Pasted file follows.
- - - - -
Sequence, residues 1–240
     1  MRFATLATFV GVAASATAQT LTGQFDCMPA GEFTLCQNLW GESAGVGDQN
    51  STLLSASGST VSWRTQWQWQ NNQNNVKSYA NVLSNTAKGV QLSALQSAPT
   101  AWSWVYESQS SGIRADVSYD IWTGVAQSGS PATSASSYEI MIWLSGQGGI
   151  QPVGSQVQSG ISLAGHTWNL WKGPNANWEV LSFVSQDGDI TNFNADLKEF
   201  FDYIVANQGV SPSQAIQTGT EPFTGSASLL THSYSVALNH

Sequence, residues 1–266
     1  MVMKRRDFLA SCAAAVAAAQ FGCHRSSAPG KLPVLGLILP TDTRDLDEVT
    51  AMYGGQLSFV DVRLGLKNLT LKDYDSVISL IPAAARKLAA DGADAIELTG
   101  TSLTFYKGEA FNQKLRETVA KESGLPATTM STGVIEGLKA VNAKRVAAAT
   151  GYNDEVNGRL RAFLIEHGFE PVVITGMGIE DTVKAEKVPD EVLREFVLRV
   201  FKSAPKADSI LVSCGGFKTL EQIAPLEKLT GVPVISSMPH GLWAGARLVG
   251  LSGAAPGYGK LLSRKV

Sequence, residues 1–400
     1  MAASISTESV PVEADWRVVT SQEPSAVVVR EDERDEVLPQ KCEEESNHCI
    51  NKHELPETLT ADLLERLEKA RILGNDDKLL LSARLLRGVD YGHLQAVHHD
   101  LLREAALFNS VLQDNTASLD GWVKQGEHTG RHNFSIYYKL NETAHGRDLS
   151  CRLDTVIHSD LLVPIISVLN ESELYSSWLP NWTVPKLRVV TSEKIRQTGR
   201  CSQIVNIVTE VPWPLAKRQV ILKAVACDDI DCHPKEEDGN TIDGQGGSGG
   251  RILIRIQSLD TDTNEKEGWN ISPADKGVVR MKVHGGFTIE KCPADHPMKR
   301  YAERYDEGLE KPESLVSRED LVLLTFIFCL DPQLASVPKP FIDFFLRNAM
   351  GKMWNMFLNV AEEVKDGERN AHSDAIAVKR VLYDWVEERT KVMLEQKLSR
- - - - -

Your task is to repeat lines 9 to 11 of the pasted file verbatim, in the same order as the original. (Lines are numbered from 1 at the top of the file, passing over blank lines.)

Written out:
    51  AMYGGQLSFV DVRLGLKNLT LKDYDSVISL IPAAARKLAA DGADAIELTG
   101  TSLTFYKGEA FNQKLRETVA KESGLPATTM STGVIEGLKA VNAKRVAAAT
   151  GYNDEVNGRL RAFLIEHGFE PVVITGMGIE DTVKAEKVPD EVLREFVLRV